Author: Roger Ulrich

Apr 29, 2022

Figure 1 - An example of a strong space weather causing feature on the solar surface -- the origin of the 2003 Halloween events. The magnetic fields and intensity features are well known. The color code for the images is given on the right side of each with positive velocity being recession. The positive velocity Downdraft features near disk center and southeast of disk center have not been well studied. The position of the very strong X17 flare as given by Dryer et al. (2004) is shown by the black X. It occurred 8.9 hours before the time of these maps and the position of the X has been adjusted for differential rotation. The area and strength of such features may provide a new way to detect potential sources of strong CMEs and flares along with their associated space weather events.

The topic of Space Weather has become recognized as having great significance for society both nationally and globally. It is described as producing Low Frequency/High Consequence events. A conference organized by the National Academy of Science Committee on the Societal and Economic Impacts of Severe Space Weather Events: A Workshop, National Research Council (2008) presented a summary of those events producing the most substantial adverse effects.

The damaging effects from Space Weather come from induced rapid variations in the Earth’s electric fields and the consequent electric currents as well as from the penetration of high energy electrons and protons. To mention three examples: the Space Age Storm of Aug. 1972 knocked out telephone service in mid-America, in the Quebec Blackout Storm, breakers on long transmission lines of the Quebec power system tripped and the grid collapsed causing a blackout in Quebec province in March 1989, and the Halloween storms of Oct. 2003 swamped sensors on dozens of satellites and caused astronauts on the space station to see shooting stars even though they hid as deeply as possible. The Halloween storm flares are discussed by Dryer et al. (2004). Air lines reroute their high-latitude routes when warned of impending solar storms at a considerable increase in cost.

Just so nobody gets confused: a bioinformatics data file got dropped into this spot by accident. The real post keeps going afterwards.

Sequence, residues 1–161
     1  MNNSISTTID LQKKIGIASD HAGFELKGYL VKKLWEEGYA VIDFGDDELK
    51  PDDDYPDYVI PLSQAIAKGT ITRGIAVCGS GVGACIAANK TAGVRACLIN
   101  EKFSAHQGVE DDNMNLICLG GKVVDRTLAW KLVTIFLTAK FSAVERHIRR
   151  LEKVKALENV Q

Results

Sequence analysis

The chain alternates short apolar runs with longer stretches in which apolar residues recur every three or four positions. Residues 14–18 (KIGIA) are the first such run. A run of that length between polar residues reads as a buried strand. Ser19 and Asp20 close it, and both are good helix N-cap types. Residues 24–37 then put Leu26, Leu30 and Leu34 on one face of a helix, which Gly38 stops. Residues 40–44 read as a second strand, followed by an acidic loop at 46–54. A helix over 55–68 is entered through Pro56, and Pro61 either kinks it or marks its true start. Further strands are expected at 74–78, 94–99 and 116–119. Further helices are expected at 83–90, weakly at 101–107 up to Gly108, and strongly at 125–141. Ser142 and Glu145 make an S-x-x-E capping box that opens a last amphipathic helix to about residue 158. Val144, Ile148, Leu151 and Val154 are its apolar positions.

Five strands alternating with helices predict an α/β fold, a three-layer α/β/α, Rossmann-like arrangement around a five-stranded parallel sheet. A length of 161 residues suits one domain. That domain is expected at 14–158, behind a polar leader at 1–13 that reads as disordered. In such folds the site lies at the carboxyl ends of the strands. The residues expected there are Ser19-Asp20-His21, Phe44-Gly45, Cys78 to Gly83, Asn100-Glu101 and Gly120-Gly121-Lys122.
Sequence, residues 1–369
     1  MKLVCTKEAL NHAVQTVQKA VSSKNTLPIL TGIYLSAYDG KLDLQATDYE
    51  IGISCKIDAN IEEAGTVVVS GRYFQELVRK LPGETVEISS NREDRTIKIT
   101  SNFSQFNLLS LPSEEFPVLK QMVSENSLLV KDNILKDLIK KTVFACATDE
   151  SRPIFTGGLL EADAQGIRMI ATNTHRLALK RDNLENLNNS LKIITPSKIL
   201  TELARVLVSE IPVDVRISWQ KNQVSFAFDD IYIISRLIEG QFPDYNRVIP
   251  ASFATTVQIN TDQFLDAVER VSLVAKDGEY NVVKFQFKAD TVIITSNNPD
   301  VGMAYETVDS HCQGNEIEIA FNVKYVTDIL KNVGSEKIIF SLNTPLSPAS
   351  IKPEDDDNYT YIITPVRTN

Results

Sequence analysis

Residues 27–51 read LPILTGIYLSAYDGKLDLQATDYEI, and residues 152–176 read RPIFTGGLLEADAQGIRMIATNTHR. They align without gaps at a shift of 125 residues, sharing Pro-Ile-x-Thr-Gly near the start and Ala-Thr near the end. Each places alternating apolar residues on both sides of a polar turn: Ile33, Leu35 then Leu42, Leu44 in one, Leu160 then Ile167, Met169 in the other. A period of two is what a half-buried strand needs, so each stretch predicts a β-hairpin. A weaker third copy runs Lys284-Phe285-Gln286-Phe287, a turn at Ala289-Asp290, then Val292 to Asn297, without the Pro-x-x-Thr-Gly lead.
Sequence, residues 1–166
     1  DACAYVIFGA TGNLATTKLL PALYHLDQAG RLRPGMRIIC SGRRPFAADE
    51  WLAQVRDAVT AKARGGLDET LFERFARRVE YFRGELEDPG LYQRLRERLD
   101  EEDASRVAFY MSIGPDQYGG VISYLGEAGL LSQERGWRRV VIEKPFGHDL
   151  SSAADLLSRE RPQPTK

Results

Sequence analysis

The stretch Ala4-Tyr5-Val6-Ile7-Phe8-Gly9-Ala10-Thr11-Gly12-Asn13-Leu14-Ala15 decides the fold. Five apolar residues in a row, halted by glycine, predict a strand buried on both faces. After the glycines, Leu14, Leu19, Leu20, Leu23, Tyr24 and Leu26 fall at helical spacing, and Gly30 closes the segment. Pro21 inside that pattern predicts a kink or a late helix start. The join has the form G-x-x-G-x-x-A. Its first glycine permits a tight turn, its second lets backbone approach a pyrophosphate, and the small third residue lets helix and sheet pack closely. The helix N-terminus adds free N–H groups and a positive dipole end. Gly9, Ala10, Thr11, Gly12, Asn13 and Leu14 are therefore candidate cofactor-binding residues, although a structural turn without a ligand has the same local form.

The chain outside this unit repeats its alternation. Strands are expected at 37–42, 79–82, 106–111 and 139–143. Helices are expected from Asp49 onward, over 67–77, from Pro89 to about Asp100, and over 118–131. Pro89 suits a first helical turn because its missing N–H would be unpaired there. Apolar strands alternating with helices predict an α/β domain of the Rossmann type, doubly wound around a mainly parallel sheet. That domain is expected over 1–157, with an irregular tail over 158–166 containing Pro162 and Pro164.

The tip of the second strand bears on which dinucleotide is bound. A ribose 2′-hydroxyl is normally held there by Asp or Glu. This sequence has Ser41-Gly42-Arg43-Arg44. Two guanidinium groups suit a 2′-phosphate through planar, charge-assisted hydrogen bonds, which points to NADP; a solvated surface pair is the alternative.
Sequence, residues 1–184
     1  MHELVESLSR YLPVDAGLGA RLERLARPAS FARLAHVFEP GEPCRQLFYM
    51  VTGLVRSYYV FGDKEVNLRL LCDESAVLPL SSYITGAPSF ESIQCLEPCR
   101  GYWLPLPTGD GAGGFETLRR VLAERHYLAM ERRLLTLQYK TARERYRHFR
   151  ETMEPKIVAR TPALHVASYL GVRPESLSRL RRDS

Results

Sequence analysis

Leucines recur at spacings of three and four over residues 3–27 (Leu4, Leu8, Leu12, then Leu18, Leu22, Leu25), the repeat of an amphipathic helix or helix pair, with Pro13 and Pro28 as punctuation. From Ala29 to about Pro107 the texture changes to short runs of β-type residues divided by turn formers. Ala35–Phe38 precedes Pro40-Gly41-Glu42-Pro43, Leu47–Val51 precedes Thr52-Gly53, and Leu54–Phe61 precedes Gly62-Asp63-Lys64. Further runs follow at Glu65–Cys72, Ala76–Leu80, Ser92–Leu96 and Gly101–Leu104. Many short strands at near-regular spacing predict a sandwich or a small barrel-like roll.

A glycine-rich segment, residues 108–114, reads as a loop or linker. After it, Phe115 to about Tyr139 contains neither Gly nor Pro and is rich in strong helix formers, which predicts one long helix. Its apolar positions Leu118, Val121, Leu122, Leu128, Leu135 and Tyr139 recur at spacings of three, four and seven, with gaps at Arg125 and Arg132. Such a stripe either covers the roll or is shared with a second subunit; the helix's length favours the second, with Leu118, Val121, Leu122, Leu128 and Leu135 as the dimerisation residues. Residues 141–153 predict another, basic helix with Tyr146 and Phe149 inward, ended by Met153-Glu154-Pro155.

Conditions on the solar surface under which CMEs and flares can occur involve complex magnetic configurations in active regions. Although these conditions are well recognized, prediction of the outbursts is imprecise. Our recent study of solar rotation removed an effect we term the “Downdraft” wherein the material in the sunspot areas appears to be descending or subsiding toward the solar interior. This effect has been evident for many years but we have treated just as a nuisance to be removed. The downdraft in fact may be an additional indicator of the possible strength of the outbursts since the spectral line shift may be a consequence of actual downward motion that exerts extra stress on the magnetic field.

As an example of the pattern of downdraft seen associated with one of the above events, the Halloween storms, we show in figure 1 the three product images produced by the MWO program, magnetic field, intensity and velocity deviation. While the magnetic field and intensity images are familiar, the velocity deviation image is not. This image is formed from the array of Doppler shifts by subtracting global velocity function fits. What is not known from this set of images is the degree of anomaly of this case. A general impression from viewing many images with downdrafts is that this case is indeed unusually strong. A quantitative study is needed to properly categorize this result.

Originally published in the COFFIES Press Newsletter, Volume 1, Issue 7.